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Discussion on Research Study: Diagnosing Hip Dislocation with Ultrasound

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Robert N. Oglesby DVM
Username: dro

Post Number: 23987
Registered: 1-1997
Posted on Tuesday, Oct 27, 2009 - 5:05 am:   Edit PostPrint Post

This is a great study that solves one of the diagnostic problems with ruling out diseases of the upper rear limb: the subluxated hip. Though a rarity the very poor prognosis makes early diagnosis important. However it is very difficult to image the hip radiographically even with big in-hospital machines. It requires general anesthesia and recovery for the severely lame horse very difficult.

Interestingly this study did not find any reliable clinical signs of hip subluxation other than acute onset of a severe lameness. I was surprised that crepitus was not present. The procedure does require a bit more ultrasound than what is typically found in the field and requires "dynamic" imaging which means imaging the joint while the horse is rocked onto the leg and off.

Vet Radiol Ultrasound. 2009 Jul-Aug;50(4):423-8.
Ultrasonographic diagnosis of coxofemoral subluxation in horses.

Brenner S, Whitcomb MB.
Veterinary Medical Teaching Hospital, School of Veterinary Medicine, University of California, Davis, CA 95616, USA.

The clinical and ultrasonographic features of seven horses with coxofemoral subluxation are presented. Affected horses included five adult geldings (11-20 years), one large pony (6 years) and a 3-month-old filly. All were lame at the walk except for the pony with grade 3/5 lameness. Lameness was acute in all horses, but three horses progressed after initial improvement. Crepitus, muscle atrophy, and pelvic asymmetry were inconsistent findings. Ultrasonographic diagnosis of subluxation required dynamic visualization of femoral head displacement from the acetabulum while placing weight on the affected limb and subsequent replacement into its normal position upon limb resting. Acetabular rim fractures and joint effusion were visible regardless of weight bearing status in six horses each. No fractures were identified in the pony; the only patient with a good outcome. Six horses had a poor outcome with severe chronic lameness, four of which were euthanized. Postmortem ventrodorsal radiographs obtained in two horses confirmed subluxation only on extended limb projections, but not on hip-flexed projections. Acetabular rim fractures were not visible radiographically in either horse but were confirmed at necropsy. Subluxation was due to an elongated but intact ligament of the head of the femur in both horses. Osteoarthrosis was evident ultrasonographically, radiographically, and at necropsy. Dynamic ultrasonography was readily performed in the standing horse and produced diagnostic images with a low frequency curvilinear transducer. The apparent poor prognosis for horses with subluxation and acetabular fracture illustrate the importance of this imaging technique to identify affected horses.
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Sullivan's Cutting Horses
Username: sully

Post Number: 114
Registered: 6-2004
Posted on Wednesday, Dec 30, 2009 - 12:57 am:   Edit PostPrint Post

Hello Dr. O,
I came across this article and would like some help. I have a horse that moves funny. I had my Veterinary watch as she was being ridden. From what she tells me, it only seems to affect her on the right lead. She has an extra beat in there, almost like a gaited horse without the smoothness. Her exact words "the dangest thing". She did lameness tests with her and could not find anything wrong. She thinks this could be in the hip. This mare came home from training because of this. Another vet had found fluid in her stifle and said to give her 2-4 months off and try again. I had her stifle ultra sounded and the fluid was gone. I sent her to a local trainer and he spent 2 weeks doing ground work with her. The first time he rode her this did not show up. It was from the 2nd ride on that she started moving funny again and also shying at things that had not bothered her before and thats when he called and I had my vet watch her while she was being rode. Could this be whats wrong with her? and is there any where close to South Dakota that could diagnose her? To look at her, you cannot see anything that looks wrong until you see her being ridden at a canter on her right lead. She also seemed sore above her hip when palpated. When this first showed up at the trainers, they had a chiropractor look at her and he thought her hip had been capped. When I asked what that even meant, he said like she had been run through a gate that had been slammed shut and caught her in the hip area. Any ideas on where I could go from here? She seems just fine out in pasture, would not even know she has a problem.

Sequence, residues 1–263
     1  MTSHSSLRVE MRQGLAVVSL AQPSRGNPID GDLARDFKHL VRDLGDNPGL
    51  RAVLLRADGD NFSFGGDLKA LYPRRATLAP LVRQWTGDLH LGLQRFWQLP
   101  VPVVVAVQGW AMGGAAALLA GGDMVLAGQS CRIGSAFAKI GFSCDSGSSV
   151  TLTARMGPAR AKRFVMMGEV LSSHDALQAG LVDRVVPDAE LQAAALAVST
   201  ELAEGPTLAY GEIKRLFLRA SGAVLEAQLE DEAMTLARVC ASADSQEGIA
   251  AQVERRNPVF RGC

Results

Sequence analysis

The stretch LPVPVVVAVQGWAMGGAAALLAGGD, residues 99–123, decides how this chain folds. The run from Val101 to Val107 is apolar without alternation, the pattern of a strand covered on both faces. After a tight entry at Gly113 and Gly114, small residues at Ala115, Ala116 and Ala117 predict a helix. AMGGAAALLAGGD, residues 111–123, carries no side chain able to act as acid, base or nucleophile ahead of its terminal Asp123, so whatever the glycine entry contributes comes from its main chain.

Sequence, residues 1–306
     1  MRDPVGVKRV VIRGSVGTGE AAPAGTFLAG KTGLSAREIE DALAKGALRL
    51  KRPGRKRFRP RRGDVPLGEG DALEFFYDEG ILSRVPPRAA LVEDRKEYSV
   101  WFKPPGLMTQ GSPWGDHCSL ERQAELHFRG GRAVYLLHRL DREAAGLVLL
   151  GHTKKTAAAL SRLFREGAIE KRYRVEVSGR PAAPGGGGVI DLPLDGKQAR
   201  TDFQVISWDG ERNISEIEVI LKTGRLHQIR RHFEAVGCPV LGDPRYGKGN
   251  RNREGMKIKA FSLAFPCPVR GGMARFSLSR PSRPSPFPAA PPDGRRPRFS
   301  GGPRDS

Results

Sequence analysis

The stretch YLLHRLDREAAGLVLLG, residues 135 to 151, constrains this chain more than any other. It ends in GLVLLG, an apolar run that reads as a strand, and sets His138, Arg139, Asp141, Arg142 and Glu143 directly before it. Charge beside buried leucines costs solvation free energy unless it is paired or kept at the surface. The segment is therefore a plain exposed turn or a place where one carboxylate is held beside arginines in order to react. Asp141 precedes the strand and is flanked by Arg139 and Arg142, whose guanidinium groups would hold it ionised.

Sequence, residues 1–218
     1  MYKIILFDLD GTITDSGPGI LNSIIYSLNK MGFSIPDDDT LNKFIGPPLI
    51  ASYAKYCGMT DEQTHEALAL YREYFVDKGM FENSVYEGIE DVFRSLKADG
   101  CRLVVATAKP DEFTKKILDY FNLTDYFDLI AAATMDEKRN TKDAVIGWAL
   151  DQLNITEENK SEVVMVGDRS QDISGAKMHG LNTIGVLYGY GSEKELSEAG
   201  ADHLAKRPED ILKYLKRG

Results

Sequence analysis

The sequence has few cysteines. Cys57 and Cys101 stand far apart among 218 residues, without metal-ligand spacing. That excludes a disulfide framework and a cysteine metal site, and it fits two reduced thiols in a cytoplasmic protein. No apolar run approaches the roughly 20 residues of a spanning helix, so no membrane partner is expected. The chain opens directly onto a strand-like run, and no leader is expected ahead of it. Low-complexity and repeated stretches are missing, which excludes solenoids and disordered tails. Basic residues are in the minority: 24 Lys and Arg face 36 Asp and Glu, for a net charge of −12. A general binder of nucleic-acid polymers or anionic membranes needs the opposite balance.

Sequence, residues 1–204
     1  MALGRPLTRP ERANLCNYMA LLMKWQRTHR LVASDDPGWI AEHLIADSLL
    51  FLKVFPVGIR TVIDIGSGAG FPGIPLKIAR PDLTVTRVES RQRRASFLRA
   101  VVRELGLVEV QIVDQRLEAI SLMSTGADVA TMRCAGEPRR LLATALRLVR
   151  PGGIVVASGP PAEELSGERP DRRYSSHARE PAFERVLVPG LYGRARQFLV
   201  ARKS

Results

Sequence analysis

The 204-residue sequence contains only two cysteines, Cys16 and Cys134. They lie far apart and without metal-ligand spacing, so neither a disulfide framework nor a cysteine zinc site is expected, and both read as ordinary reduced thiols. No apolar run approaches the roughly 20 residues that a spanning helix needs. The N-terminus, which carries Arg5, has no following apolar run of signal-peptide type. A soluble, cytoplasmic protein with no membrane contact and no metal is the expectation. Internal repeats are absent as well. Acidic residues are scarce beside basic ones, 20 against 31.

Thank you,

Happy New Years :-)
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Robert N. Oglesby DVM
Username: dro

Post Number: 24268
Registered: 1-1997
Posted on Wednesday, Dec 30, 2009 - 5:22 am:   Edit PostPrint Post

Hello Nancy,
I don't think what you are describing sounds much like coxofemoral subluxation. Horses with this condition are very lame.

What you need to do is find someone who can accurately label that "funny" movement that your horse is doing and then judge if this is the horse's normal gait or a change in gait due to pain. It does sound like your veterinarian believes this is more natural gait than lameness but I remain uncertain. As to where to take the horse to next, you should contact that same local veterinarian for a lameness referral.

For more on diagnosing lameness check out Diseases of Horses » Lameness » Localizing Lameness in the Horse. It will explain what you should be looking for.
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